Bookstore Gunung Agung to close up shop this year after 70 years

The company was unable to overcome the operating losses it had endured since 2013, which was exacerbated by the Covid-19 pandemic.

Aditya Hadi

Aditya Hadi

The Jakarta Post


Stock illustration of a person taking a book from a bookshelf (Unsplash/Christin Hume)(Unsplash/Christin Hume)

May 24, 2023

JAKARTA – At the age of seven decades, PT GA Tiga Belas, the company behind local bookstore chain Gunung Agung, plans to shut down its last five outlets this year after gradually closing its stores across the country since 2020.

The company said it was unable to overcome the mounting operating losses it had endured since 2013, and which was exacerbated by the economic impacts of the COVID-19 pandemic.

GA Tiga Belas said it had made efforts to cut operating costs during that period, while admitting that these efforts had not been enough.

Several stores in Surabaya, Semarang, Gresik, Magelang, Bogor, Bekasi and Jakarta were affected in 2020 as it started to scale down operations to stay afloat.

“[Our operating cost] has not been comparable with our sales performance every year. And the situation became more difficult with the emergence of COVID-19 in 2020,” GA Tiga Belas management said in a statement on Saturday.

Gunung Agung is one of the oldest bookstores in the country. It was founded in 1953 by Chinese-born entrepreneur Tjio Wie Tay, also known as Haji Masagung, and organized its first book fair the following year.

Competitor Gramedia was established almost two decades after Gunung Agung first opened its doors.

Indonesia’s first president Sukarno appointed Gunung Agung as the main publisher and distributor of his books in 1960. The company then expanded its business in 1986 by establishing the Walisongo bookstore, specializing in titles on Islam.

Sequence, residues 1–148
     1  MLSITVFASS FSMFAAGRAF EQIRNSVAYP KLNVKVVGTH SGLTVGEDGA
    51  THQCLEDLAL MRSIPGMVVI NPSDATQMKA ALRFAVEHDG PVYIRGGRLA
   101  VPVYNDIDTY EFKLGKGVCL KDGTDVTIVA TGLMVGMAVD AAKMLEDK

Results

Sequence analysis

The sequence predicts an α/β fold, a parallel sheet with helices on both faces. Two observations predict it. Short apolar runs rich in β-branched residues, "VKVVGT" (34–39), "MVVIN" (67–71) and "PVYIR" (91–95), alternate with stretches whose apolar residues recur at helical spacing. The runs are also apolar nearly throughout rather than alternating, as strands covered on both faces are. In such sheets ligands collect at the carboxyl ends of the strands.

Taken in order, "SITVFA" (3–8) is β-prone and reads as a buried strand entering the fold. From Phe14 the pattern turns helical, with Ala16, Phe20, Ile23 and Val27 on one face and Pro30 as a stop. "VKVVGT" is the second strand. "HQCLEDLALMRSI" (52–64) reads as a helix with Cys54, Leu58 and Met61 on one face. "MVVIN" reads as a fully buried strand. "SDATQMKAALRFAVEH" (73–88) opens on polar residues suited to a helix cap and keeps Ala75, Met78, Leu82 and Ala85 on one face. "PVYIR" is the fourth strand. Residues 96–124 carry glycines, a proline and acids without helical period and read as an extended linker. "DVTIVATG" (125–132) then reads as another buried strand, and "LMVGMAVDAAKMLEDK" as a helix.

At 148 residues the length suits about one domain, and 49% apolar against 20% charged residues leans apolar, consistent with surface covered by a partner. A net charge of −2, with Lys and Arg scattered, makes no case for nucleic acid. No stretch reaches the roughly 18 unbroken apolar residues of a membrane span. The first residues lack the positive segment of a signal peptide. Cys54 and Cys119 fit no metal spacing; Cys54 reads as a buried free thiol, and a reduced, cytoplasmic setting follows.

In 1992, Gunung Agung went public and was listed under the ticker code TKGA on the Jakarta Stock Exchange, a precursor to the Indonesia Stock Exchange, raising Rp 5 billion (US$335,045) in the process.

But the company was delisted in 2017 after it was suspended in 2015 for failing to meet the bourse’s requirements, including publishing its financial report.

Read also: Online bookstores open physical branches amid pandemic sales boom

Employee complaints

Mirah Sumirat, president of the Association of Indonesian Trade Unions (ASPEK), said on Friday that she had received several complaints and requests for legal advocacy from the workers union at GA Tiga Belas over alleged “unilateral layoffs”.

She added that the GA Tiga Belas workers union was a member of ASPEK.

According to Mirah, the company had unilaterally laid off 220 employees between 2020 and 2022. Following Saturday’s announcement, she estimated that the figure could rise to 350.

GA Tiga Belas responded by saying that the layoffs complied with existing laws.

“[The claim of] some media that we unilaterally laid off 350 employees [contrary] to applicable laws is not true. We have always complied with the law in [our business] efficiency and effectiveness processes,” the company’s management said in a statement.

It had also responded to letters from ASPEK, the statement said.

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